NYU, Otherwise Known as Planet Earth University

NYU, fresh off opening its satellite campus in Abu Dhabi, has announced plans to open a new campus in Shanghai in 2013.

[This] is the latest step in the development of NYU as a “global network university,” one that will ultimately include a dozen other academic sites on six continents. In making the announcement, NYU President John Sexton said NYU was evolving from being, in the words of NYU’s founder, Albert Gallatin, “in and of the city” to being “in and of the world.

”“New York and Shanghai enjoy a natural affinity as world capitals; as vibrant, ambitious, and forward-looking centers of commerce and culture; as magnets for people of talent,” he said. “As we did in Abu Dhabi, here in Shanghai we have found visionary partners, and our joint effort to create NYU Shanghai emerges out of a common belief in the indispensable value of higher education and in the special opportunities that can be created when the world’s greatest cities join forces. This will be a great university and a great partnership.”

Call me skeptical, but NYU’s ambition to reign over a global higher-ed empire strikes me as a case of extreme hubris. First of all, I don’t see the point, unless it comes down to power and money. Abu Dhabi’s government contributed tens of millions to NYU’s programs both in the middle east and in New York.

Second of all, I find it remarkable that prestigious U.S. institutions of higher learning, such as NYU or Yale — which recently announced plans to open a campus in Singapore – find it so easy to partner with dictatorships, communist autocracies, and one-party authoritarian states. These are the same prestigious U.S. institutions who so pride themselves on their liberal concern for human rights. But they are too busy opening campuses to think about those things now. By leasing out their names, academic prestige and credibility to some of the most repressive governments in the world, our leading universities are showing that they place ultimate value not on the principles of liberty or the free expression of ideas, but on corporate-style expansionism, power, and the almighty dollar.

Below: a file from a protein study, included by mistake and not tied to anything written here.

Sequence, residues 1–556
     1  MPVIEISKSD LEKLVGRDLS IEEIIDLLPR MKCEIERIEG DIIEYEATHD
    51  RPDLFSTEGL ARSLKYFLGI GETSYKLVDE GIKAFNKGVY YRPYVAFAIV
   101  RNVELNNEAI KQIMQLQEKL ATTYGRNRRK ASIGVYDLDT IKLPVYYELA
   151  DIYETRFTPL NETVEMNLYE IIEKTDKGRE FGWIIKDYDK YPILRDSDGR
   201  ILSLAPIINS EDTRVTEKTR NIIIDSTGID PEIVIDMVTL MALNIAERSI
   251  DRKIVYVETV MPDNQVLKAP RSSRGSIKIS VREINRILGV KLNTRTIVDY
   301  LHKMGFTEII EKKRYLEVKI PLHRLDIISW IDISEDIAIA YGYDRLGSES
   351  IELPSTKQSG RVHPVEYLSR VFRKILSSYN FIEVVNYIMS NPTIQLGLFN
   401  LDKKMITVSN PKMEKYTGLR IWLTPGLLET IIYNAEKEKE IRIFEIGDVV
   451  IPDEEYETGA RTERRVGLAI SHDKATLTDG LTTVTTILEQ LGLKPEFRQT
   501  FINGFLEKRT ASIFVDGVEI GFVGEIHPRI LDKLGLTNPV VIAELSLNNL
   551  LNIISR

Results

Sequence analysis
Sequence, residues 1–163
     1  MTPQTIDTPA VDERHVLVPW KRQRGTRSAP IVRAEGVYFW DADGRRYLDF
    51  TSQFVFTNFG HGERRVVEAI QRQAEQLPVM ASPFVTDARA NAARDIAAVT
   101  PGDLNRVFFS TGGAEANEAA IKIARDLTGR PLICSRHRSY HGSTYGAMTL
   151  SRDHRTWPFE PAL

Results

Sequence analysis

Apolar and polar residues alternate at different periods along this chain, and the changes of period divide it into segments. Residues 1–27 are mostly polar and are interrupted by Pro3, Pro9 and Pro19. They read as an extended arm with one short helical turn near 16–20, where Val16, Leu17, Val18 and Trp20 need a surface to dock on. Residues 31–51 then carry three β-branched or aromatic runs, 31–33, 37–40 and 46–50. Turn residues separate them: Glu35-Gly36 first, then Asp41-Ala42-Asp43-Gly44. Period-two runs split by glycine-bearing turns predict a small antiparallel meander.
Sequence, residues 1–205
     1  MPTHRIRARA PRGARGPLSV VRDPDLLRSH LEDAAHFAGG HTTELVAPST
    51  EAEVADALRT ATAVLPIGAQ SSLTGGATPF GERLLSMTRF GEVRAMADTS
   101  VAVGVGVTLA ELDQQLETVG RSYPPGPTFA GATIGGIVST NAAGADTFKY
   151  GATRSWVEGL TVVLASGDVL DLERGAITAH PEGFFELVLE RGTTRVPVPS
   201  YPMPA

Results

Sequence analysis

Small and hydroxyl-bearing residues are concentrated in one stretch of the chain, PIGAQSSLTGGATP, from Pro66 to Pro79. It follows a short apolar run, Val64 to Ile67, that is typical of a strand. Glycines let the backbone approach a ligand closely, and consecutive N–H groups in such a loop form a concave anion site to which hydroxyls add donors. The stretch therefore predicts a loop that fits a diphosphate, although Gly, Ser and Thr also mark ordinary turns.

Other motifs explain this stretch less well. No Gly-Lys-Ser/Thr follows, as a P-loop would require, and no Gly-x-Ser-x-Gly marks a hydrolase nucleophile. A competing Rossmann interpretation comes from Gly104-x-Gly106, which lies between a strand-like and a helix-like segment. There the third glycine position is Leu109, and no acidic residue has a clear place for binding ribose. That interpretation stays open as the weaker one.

We have reached the dawning of the age of the university as multinational conglomerate. Wherever you are in the world, NYU, Inc., is able to manufacture a genuine American educational experience for you (freedom not included); diplomas come in four convenient sizes. And it’s only a matter of time before McYale opens up a convenient drive-thru location in your hometown, village, or jungle tribe.

Several years ago, a Yale professor teaching for a term at Peking University (China’s most hoity-toity school, where Yale has another partner program) wrote a blistering letter, accusing PU of fostering a culture of rampant plagiarism. He found among students and faculty an appalling disregard for intellectual property and academic integrity, and called this disregard part of a “larger pattern of behavior in China.”

Should we be surprised that, in China’s case, a government that disregards its people’s rights to freedom of religion and freedom of speech and is — in a word — corrupt, would foster a corrupt academic culture as well? NYU and Yale will find that all the money and “global reach” they have gained by building campuses in countries with no regard for human rights and individual liberty ultimately comes at the cost of the very renown and they are so pitifully obsessed with achieving.

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